as an electronic wizard who knows 'more about a TV set than the men who built it';
but no matter what the layman believes, there is often a great and important difference
between changing a set and improving it, especially when accurate equipment for
checking the complete results of any change is lacking.
"Personally, I am content to follow the manufacturer's recommendations with regard
to changing the original design. If I spot what I believe is a weakness or shortcoming
in that design, I do not hesitate to call it to the set-maker's attention and ask
for advice in correcting it. Invariably I receive a courteous answer that usually
includes specific instructions for straightening out the trouble. I have confidence
in those suggestions because I know they have been worked out by men who make design
their business, who know the receiver as they know the backs of their hands, and
who have thousands of dollars worth of precision equipment for checking every move
"Yeah, but aren't you afraid that people will say the guy who cooks up his own
changes is a better electronics man than you are?"
Mac's eyes twinkled in a grin as he answered, "That won't seem so important when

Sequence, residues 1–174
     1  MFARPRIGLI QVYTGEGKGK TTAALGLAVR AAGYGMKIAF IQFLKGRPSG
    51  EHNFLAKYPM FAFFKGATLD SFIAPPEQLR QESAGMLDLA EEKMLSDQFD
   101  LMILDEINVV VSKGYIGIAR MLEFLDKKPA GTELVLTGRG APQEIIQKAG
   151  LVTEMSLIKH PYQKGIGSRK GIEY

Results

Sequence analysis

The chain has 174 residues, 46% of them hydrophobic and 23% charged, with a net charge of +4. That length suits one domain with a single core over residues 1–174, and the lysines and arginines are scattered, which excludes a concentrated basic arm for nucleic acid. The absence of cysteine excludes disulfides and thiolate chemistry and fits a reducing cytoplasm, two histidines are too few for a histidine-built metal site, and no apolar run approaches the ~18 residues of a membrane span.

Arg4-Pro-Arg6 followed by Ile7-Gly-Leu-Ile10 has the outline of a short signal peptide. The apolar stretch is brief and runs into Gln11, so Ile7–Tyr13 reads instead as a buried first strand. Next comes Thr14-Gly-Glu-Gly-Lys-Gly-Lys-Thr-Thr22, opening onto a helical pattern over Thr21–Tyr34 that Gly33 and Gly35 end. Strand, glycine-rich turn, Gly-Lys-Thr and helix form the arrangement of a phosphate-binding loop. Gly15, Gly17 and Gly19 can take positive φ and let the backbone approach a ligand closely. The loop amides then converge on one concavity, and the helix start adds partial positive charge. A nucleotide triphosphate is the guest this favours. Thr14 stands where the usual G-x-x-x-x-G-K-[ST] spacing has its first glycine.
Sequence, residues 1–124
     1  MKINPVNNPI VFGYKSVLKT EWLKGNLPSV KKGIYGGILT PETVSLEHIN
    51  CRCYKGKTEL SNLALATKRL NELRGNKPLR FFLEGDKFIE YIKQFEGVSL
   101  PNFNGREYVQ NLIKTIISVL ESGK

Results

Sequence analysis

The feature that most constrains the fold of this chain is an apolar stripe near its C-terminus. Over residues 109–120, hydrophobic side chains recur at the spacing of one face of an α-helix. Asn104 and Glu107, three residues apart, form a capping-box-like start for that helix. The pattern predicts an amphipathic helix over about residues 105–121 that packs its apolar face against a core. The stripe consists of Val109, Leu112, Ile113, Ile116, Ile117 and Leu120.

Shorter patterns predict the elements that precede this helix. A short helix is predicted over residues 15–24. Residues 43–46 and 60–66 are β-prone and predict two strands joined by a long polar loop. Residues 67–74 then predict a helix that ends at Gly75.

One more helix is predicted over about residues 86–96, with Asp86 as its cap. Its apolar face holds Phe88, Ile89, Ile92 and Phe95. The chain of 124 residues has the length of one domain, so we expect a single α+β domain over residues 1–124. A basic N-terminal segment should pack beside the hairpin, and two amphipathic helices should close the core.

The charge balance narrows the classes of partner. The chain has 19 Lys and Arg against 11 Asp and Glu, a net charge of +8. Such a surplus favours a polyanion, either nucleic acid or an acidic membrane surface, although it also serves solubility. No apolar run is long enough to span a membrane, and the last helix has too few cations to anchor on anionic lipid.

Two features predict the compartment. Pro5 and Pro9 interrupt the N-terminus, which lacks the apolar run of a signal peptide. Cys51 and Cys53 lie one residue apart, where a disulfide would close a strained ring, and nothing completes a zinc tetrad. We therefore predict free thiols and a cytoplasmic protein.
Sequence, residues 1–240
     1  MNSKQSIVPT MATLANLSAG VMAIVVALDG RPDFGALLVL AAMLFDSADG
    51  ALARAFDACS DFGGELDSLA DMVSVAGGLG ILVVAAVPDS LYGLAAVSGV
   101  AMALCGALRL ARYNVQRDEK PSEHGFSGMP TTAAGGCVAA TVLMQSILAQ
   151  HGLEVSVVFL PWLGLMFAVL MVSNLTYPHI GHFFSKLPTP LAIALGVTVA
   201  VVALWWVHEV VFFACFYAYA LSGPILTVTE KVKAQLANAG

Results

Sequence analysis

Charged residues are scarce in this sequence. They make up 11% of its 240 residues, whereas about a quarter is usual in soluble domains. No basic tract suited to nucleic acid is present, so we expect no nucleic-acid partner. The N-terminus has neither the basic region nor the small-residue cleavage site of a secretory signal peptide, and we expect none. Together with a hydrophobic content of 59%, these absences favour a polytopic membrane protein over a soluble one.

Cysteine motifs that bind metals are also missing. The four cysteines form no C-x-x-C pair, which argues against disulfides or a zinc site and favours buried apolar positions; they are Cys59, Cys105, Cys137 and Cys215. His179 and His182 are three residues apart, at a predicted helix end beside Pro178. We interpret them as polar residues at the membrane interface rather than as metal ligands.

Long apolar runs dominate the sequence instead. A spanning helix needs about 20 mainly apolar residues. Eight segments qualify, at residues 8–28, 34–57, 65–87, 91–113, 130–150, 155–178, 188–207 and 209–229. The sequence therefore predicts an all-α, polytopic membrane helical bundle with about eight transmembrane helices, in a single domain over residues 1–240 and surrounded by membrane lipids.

you get a little older. I don't want to be known as a good 'electronics man.' I
just want to be a first-class technician whose primary job it is to see that radio
and television sets keep playing as well as they did the day they left the factory.
Maybe the frustrated-engineer type of technician feels apologetic about being 'just
a technician,' but I don't. I think the service problems I solve require just as
much intelligence and knowledge of practical theory as do the design problems worked
on by the engineer, but the schooling, technique, and equipment that each of us
uses is different. It is like the difference between the obstetrician and the general
practitioner: one brings the babies into the world, and the other keeps them in
it; and who dares say which has the more important job?
"You know it's a kinda funny thing, but almost every technician has a favorite
story about a case in which a design engineer tried his hand at servicing and was
a miserable flop; yet nine out of ten of us secretly fancy that we could give the
engineering boys some pretty sharp suggestions about their job if we were just a
"Well, you're not talking to me," Barney said as he turned back to the little
set on the bench. "I'm about ready to admit that I'm a complete idiot who knows
nothing about either design or service. I've spent a half a day on this stinker
and have not helped it a bit."
"What's the beef?"
"It picks up ignition noise. Noise from a car as much as a block away will ride
right in over a broadcast station as though you were listening on ten meters. In
every other way the set is normal. Sensitivity and selectivity are good. All voltages
check right on the nose. I've put in a whole new set of tubes."